I've found that there are some successful mixes in blues that I like better than the stock Corel's CMYK colors. I do not use what is called "blue" because it come out looking inky violet. Too much magenta, you can print C=100, M=80, Y=0 and K=0 and get a result much like 072, Pantone Blue. If you compare this to Corel's standard CMYK blue, the formula is: C=100, M=100, Y=0, K=0. You can see, you have 20% more magenta, now what is that going to do to the color? Make it on the purple side. But this is good to know to go more to the violet range, add more magenta, more to the Navy range, add more black.Corel's Navy Blue also doesn't print very well, but I've had a much better success finding the color I want with a swatch book. But you do get more a feel of mixing colors even though you are doing it by juggling numbers and not how much of one color more than another I am actually dipping a brush into. It is very much like painting with a paint box but you only have CMYK to paint with. So you have to think differently. If you've never painted with real media, it is an experience you should have. I think it makes understanding print colors much more easy, especially if you are using watercolors from dry colors and having to mix all of your own colors yourself.
Some deskjet and laser tone color printers make lousy proofers, but if you have a 6 or 8 tank ink jet, it makes a pretty good proofer as this is what our HP proofer uses. I have an i9900 by Canon and it gives superior results, but it has 8 colors to work with, twice the gammut of CMYK, the proofer at work only has 6 tanks of ink. Normally a proofer adds photo magenta and photo cyan but the Canon has a true red and a true green as well. I bought it for printing portraits, it is so much better than a four head machine.
If you do have a 6 head machine, your color may not be quite that vivid when you print, if you are in doubt as to how a crucial job will print, get a printed proof from the service bureau you are doing business with. If you are having 10,000 impressions made, you must be sure that you are not going to have a customer reject that job, then these customers must come in and proof their printed copy in person and sign off.
Calibrated colors change the look of the CMYK colors because they are showing you what the output colors will look like, trying to force the desktop printer to requires both the monitor and the printer to be in agreement. If your printed proof from the service bureau is too dull looking, you may decide you need to run hexachrome to be able to get some crucial color and if you need to be sure, some service bureaus will run spot color before or after the job is complete to add in a specific color that has to be just right or they require as a solid without a dot pattern. Packaging is done this way for cereal companies quite often. But hexachrome is not run by everyone and you are looking at a much higher price. This is where life becomes real to a customer as all of a sudden when faced with a huge price, all of a sudden, they like what you have shown them and you have become the hero in saving them so much money.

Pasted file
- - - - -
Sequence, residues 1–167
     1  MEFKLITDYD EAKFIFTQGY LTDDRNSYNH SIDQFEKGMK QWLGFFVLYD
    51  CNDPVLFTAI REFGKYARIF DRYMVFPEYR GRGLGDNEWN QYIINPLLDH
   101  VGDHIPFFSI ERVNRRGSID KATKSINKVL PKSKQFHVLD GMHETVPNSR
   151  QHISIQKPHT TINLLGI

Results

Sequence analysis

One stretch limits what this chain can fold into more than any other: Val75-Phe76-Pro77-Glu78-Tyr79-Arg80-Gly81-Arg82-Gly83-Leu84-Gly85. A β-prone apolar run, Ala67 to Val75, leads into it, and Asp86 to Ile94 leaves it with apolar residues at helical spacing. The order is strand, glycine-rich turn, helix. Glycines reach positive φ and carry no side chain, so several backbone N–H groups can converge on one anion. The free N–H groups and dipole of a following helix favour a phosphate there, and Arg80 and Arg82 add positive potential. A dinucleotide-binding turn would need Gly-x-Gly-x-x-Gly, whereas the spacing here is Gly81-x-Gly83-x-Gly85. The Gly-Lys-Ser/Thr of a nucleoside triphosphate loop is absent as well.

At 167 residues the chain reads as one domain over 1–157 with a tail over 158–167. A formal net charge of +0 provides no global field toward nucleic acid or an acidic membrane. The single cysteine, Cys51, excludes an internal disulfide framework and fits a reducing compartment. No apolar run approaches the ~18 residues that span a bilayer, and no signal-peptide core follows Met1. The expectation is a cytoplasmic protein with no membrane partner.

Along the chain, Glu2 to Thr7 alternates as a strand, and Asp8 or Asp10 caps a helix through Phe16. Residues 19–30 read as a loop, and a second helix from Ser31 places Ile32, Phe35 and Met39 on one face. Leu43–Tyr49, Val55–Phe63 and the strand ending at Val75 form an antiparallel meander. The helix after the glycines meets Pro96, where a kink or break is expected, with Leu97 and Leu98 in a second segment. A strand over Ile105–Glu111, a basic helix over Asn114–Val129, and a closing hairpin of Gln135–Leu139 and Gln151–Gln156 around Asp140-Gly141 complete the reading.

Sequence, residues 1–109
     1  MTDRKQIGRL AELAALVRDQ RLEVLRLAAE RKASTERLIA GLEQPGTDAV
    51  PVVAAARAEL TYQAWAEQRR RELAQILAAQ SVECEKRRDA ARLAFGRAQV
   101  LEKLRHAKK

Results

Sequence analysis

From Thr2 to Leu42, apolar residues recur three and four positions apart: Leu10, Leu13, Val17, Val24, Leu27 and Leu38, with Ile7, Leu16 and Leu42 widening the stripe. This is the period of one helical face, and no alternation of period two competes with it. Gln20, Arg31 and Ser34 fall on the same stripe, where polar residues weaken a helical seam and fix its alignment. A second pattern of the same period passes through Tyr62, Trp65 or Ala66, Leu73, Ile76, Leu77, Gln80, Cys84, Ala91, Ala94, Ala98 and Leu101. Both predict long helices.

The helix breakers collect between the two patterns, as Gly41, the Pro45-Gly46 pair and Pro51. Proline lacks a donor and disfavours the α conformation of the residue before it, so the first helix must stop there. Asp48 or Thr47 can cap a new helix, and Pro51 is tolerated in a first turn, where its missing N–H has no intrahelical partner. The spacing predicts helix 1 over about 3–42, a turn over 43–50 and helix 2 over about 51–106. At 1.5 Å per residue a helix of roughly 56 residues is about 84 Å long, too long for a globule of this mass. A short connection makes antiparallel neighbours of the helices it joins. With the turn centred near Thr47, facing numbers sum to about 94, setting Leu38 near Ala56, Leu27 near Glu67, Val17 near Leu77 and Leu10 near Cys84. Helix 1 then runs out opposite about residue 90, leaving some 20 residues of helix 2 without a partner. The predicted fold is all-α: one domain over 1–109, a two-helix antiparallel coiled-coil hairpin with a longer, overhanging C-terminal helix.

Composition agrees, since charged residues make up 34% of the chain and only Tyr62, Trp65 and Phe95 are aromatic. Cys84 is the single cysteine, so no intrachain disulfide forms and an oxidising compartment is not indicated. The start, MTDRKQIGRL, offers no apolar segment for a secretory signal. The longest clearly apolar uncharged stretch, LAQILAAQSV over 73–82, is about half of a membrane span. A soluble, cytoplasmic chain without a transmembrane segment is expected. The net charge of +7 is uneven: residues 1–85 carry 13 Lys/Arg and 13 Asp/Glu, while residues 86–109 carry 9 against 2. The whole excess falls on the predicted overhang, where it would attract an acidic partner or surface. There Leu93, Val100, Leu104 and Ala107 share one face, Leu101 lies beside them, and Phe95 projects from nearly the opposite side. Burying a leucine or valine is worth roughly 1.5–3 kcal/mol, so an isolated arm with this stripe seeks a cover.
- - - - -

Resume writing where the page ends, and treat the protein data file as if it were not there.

Yes, having your monitor calibrated correctly is good, but if you are using a standard LCD monitor, you are going to lose some of your brights and some of your darks as most LCD's don't do a good job on these colors. Actually, you get better color with a CRT display. There are excepts. Apple make exceptional monitors but they also come with an exceptional price. On the other hand, it is cheaper to buy the perfect monitor than to have to reprint an expensive job at your cost. Likewise if the place you have your printing done is really cheap, they may not be using proper color management, they may be staffed by college students and even a properly done job won't look its best as they have calibrated their printer to see what the screen shows them. Not a great idea if you have a lousy monitor. The printer should always go with the embedded color profile and not assign a new one unless they want to reprint the job. Likewise in crucial colors, changing dpi, or stretching or shrinking the job can have other poor effects.
All in all, one can never be too careful.
Anyway, regarding colors on screen, my LCD monitor is a mid-range Sony which I think is rather good. I won't spend the money for a high end monitor as they retail for about 4000-5000 dollars! I paid about 1000 for mine, and that's about as far as I would go. Well, they get cheaper all the time, I got mine about a year ago.
My inkjet printer is a 6-color Epson, but I don't really know If I can trust it's output as proofs. Some people say you got to have a RIP software and print through that with an inkjet. I downloaded a couple and didn't understand that much, let alone the output looked awful. I also have a solid ink printer that is Postscript, but I think the color space is rather limited so I won't trust that either.